Maine Congresswoman Chellie Pingree expects federal government shutdown this weekend
Pingree: “Shutting down the government is not good for our state or any other state”
Maine (WMTW) - One day before federal government spending is set to expire, Maine Congresswoman Chellie Pingree said there’s no good reason to shut down government, but’s she’s not optimistic that will be averted.
Pingree, a Democrat, said one obstacle is that the slim Republican House majority refuses to consider a budget bill that has bipartisan support.
In an interview with our media partner, WMTW, on Friday, Pingree said 13,000 federal employees in Maine, including active-duty military personnel, will not get paid during a shutdown.
Pingree said, “More than anything else, we will be asking many federal employees to go to work or take a furlough, and that means no paycheck. So, that’s 13,000 people who have to figure out how to pay their mortgage, how to put food on the table.”
Pingree said her constituents should expect to receive their Social Security during a shutdown, but they won’t be able to apply for certain benefits, like the Supplemental Nutrition Assistance Program (SNAP) or the Women, Infants, and Children program (WIC).
Pingree also warned a shutdown could hurt Maine’s hospitality industry.
“Acadia National Park will shut down,” Pingree said. “That has a huge impact on all the people planning to visit our state, but think about communities on Mount Desert Island, the hotel owners, the restaurant owners, all of whom will have cancelled reservations.”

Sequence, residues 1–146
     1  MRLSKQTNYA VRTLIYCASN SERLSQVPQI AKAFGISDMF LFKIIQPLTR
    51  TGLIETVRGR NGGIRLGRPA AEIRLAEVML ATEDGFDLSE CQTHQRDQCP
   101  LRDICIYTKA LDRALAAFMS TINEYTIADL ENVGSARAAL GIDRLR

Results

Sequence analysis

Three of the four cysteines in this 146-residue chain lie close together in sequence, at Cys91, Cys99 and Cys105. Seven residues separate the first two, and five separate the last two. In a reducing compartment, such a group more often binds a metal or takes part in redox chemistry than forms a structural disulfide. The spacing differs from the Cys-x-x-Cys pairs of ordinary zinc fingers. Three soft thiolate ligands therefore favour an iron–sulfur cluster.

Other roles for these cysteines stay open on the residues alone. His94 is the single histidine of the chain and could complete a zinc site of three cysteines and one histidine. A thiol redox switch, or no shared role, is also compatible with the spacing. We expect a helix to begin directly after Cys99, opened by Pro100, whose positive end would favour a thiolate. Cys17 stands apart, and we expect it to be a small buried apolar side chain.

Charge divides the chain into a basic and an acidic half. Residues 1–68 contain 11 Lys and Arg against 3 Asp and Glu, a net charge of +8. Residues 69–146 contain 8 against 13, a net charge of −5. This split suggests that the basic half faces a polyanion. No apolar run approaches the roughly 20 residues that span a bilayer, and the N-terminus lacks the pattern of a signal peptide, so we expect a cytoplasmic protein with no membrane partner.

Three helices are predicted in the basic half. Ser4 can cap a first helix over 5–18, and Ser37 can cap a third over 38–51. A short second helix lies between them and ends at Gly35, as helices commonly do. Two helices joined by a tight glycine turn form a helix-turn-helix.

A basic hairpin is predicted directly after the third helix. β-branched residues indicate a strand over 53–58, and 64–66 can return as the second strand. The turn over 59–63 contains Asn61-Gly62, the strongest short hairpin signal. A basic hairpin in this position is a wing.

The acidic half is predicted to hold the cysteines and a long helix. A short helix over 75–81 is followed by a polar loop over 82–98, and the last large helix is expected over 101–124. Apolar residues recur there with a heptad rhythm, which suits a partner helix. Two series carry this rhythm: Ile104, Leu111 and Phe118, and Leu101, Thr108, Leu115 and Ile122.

Republicans currently hold 221 House seat to the Democrats’ 212, with two vacant seats previously split between the two parties.
“This particular majority in the House, which is a very slim majority, has told the Speaker, Kevin McCarthy, ‘If you cooperate with any Democrats, we will kick you out of office,’” Pingree said. “They’re doing everything to kind of hurl us toward a shutdown, and that’s not good for anybody – shutting down the government is not good for our state or any other state.”
Pingree said the Continuing Resolution offered by House Republicans on Friday, to keep the government funded for another month, was “so crazy, that nobody would agreed to it.”
The bill, which failed to pass, would have cut spending for many domestic programs about about 30%, Pingree said, including nutrition programs, public housing vouchers, and suicide hotlines, while the CR would have shrunk the Low Income Energy Assistance Program (LIHEAP), relied upon by thousands of Maine residents, by more than 70%.
“Their extreme members have control,” Pingree said.
Pingree has represented Southern Maine’s 1st Congressional District since 2009 and is a senior member of the House Appropriations Committee.
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